I am at the ACS meeting in Washington DC, here officially as "press" rather than as a chemist. It's a very different way to see the meeting. I went to a press briefing this morning (on something crossing chemistry and theology, no less). The press center is tucked away next to the registration area, and has everything a writer might want: food, wireless access and a steady stream of caffeine and conversation.
Listening as a scientist to a talk, and as a writer to a briefing turn out to be slightly different experiences. Both require critical listening, but listening as a writer prompts me to think far more about the words the science is coming wrapped in. The shorthand scientists use sounds almost staccato in this context. "Measles naive" instead of "never exposed to the measles virus" or "no evidence of viremia" instead of "no measurable virus in the bloodstream". As one of my teachers at a science writing workshop suggested, one goal for a science writer is to slow it down.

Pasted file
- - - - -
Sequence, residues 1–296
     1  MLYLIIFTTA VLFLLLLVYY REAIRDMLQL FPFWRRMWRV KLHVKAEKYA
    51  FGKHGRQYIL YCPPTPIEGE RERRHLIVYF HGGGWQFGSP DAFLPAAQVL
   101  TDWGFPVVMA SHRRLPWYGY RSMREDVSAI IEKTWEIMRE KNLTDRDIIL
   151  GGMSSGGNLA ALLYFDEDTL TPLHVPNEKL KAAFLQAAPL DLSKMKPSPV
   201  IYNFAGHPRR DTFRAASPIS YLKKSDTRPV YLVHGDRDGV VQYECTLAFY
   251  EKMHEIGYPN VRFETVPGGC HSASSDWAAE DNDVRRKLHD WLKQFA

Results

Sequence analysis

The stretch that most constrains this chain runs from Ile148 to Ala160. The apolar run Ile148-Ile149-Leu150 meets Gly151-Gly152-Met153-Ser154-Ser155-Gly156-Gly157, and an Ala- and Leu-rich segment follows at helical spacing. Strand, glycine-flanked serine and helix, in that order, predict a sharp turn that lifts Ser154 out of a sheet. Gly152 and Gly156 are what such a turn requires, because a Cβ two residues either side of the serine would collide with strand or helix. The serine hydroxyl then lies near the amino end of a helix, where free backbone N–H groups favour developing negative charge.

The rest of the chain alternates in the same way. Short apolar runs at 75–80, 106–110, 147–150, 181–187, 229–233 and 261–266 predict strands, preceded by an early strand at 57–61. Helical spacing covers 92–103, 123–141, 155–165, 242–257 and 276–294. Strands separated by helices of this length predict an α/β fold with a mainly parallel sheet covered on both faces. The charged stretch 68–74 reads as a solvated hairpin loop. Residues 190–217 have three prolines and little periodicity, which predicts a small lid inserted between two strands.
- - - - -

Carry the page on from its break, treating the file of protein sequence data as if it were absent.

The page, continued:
We try to be both precise and concise, but I wonder how often the combination in giving a talk, or even reading a paper in the literature leads to attentional processing deficits? An interesting experiment in attentional processing is to present subjects with a rapidly changing sequences of letter, interspersed with numbers. If two numbers are placed too close together, subjects can "miss" the second letter while their brain is busy processing the first. (Experienced meditatators are better at this task than those who don't practice being "attentive".) Pack too much into a sentence, and your subjects or audience might miss bits.